Working life extensions for ESA’s science missions
20 November 2014Continuing operations of ten space science missions have been extended by ESA’s Science Programme Committee (SPC).
During its meeting at the European Space Astronomy Centre, near Madrid, on 19 November, the SPC gave the green light for the flotilla of spacecraft to continue their key scientific endeavours for at least another two years.
After a comprehensive review by the Science Programme’s advisory structure of the current operational status and likely scientific return of each mission in the future, the SPC agreed to continue funding for six ESA-led missions (Cluster, INTEGRAL, Mars Express, PROBA-2, SOHO and XMM-Newton) for the period 1 January 2015 – 31 December 2016. The committee also confirmed support for the final phase of Venus Express operations during 2015.
ESA’s remarkable Rosetta comet chaser was not on the agenda of the meeting. Although the nominal end of its mission is currently planned for December 2015, its scientific studies have only recently begun, so consideration of a possible extension into 2016 has been deferred until early 2015.
The go-ahead was also given to continue ESA’s contributions to three international collaborative missions, namely Hinode (with JAXA), and Cassini-Huygens and the Hubble Space Telescope (both with NASA).
|ESA's space science missions are depicted in these two posters. Credit: ESA|
With all of these science missions continuing to deliver outstanding science, the SPC gave their preliminary support to further extensions for eight of the missions - all except Cassini-Huygens and Venus Express - during 2017-2018, subject to review in late 2016.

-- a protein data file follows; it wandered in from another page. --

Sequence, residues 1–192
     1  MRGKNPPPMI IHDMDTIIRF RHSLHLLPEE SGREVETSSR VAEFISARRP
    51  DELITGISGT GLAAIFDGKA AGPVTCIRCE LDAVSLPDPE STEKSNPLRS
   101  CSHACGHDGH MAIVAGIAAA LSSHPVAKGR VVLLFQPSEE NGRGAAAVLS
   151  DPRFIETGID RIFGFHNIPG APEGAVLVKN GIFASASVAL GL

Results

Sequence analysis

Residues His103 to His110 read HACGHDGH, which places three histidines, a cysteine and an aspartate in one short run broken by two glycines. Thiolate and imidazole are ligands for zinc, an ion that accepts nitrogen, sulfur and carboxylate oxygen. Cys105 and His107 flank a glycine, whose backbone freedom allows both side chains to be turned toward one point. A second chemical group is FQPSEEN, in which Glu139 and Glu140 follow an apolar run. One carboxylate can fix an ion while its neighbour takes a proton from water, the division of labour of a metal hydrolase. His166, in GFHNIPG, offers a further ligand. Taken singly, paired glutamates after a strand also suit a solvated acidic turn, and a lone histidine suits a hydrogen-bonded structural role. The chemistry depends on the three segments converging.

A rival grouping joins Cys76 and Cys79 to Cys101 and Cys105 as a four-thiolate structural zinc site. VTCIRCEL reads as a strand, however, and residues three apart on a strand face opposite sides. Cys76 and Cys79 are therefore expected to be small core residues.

Cassini-Huygens will complete its mission in late 2017 when it enters the atmosphere of Saturn. Until then, it will observe the transition from spring to summer in Saturn’s northern hemisphere, study changes in the weather and surface features of Titan, and continue probing the icy jets of Enceladus and the spectacular rings. Venus Express is expected to burn up in Venus’s atmosphere during 2015, completing its intensive survey of the cloud-shrouded planet.
Mars Express will complete its high resolution imaging of the entire planet, monitor the variable weather of Mars, and shed new light on the origin of the moon Phobos during a number of close flybys.
Extensions for SOHO, PROBA-2 and Hinode will ensure that our Sun is closely watched as it reaches an unusually weak maximum of sunspot and flare activity. Meanwhile, the Cluster quartet will measure the effect of this activity nearer to home, as they visit new regions of Earth’s magnetosphere.
XMM-Newton, the Hubble Space Telescope and INTEGRAL will continue to provide complementary, multi-wavelength observations of the Universe. These will span studies of the Solar System, planet-hosting stars, exploding stars, black holes, and the evolution of galaxies.
Decisions to extend ESA space science missions are made on a rolling two-year schedule. The next two-year mission extension cycle will begin in mid-2016.